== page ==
This morning at City Hall, Mayor Brandon Scott and other public officials held a press conference to talk about the implementation of the Elijah Cummings Healing City Act. OSI is collaborating with the city and providing substantial funding for Healing City Baltimore, which aims to unearth and reverse the causes of trauma in our city by helping government proactively support the health of children and families, confront injustice, and prevent violence.
First District Councilman Zeke Cohen, who has spearheaded the effort and introduced the legislation, noted that when the City Council passed the bill, “Baltimore became the first city to embrace trauma-informed care through legislation.”
“The trauma that we see in our schools, neighborhoods, and homes is unparalleled,” he said, noting that three students at his district’s Patterson High School were gunned down in a month in 2020. “We need a city government that operates with empathy, acknowledges the harm that so many residents experience, and works every day to heal the people we serve.”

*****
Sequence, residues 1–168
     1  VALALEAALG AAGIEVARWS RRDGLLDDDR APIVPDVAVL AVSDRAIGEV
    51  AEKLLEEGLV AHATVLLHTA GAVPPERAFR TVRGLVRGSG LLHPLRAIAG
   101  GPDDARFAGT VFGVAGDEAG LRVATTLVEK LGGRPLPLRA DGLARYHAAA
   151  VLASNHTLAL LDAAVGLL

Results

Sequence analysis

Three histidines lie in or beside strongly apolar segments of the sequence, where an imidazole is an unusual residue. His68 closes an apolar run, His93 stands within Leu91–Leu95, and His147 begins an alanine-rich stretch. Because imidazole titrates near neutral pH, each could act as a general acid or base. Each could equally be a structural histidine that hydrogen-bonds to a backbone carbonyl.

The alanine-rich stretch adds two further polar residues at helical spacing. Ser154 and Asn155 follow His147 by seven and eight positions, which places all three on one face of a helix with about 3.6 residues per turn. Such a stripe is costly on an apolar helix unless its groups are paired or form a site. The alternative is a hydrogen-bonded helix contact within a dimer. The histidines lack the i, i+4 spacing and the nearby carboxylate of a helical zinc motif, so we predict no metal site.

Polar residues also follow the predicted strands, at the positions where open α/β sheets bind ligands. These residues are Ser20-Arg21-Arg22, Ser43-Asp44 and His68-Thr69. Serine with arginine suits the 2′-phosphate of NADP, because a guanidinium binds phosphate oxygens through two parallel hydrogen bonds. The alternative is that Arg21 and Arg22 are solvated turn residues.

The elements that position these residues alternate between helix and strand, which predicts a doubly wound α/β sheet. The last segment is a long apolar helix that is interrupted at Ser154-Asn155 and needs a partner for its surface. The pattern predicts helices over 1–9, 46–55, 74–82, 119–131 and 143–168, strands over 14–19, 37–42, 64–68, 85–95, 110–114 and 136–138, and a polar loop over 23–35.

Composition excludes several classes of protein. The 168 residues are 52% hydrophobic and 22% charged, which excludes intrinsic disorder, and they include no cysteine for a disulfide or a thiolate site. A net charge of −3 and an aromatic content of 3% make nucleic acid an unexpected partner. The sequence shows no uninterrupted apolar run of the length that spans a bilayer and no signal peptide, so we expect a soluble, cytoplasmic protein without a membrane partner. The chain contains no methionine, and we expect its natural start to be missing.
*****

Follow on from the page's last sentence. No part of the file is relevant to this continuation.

Cohen mentioned the many current and future partners in the work of bringing trauma-informed care to the region, including city and state officials, community-based organizations like Baltimore Ceasefire, and business and philanthropic partners, and mentioned the recently announced B’more Invested initiative, led by OSI and Baltimore’s Promise.
“Now is the time for government to unite with our businesses, nonprofits, and foundations, unite with organizations like Bmore Invested campaign, who are working to upend traditional philanthropy and bring sustained investment to organizations that have been left behind,” he said.
During the initial phase of Healing City Baltimore, the Health Department will train all city employees, including City Council members, in trauma-informed care, and all city agencies will begin a review of all training and policies to integrate trauma-informed care. Cohen thanked Mayor Scott for embracing the effort, noting, “We finally have a mayor who understands that we cannot arrest our way out if this problem, that mass incarceration fueled the misery and carnage that is killing our communities.”
Health Commissioner Dr. Letitia Dzirasa, City Council President Nick Mosby, Delegate Robbyn Lewis, Dr. Melissa Buckley from Coppin State University, and youth activist Anaya Taylor, who led George Floyd protests in Baltimore this summer, also spoke at the conference.
“I live and relive trauma every day,” Taylor said, comparing the trauma that young people face in the city to a roller coaster ride, one than many often don’t realize they are on. “It’s important to recognize that healing is a virtue, a virtue that I’m excited to take a step toward today.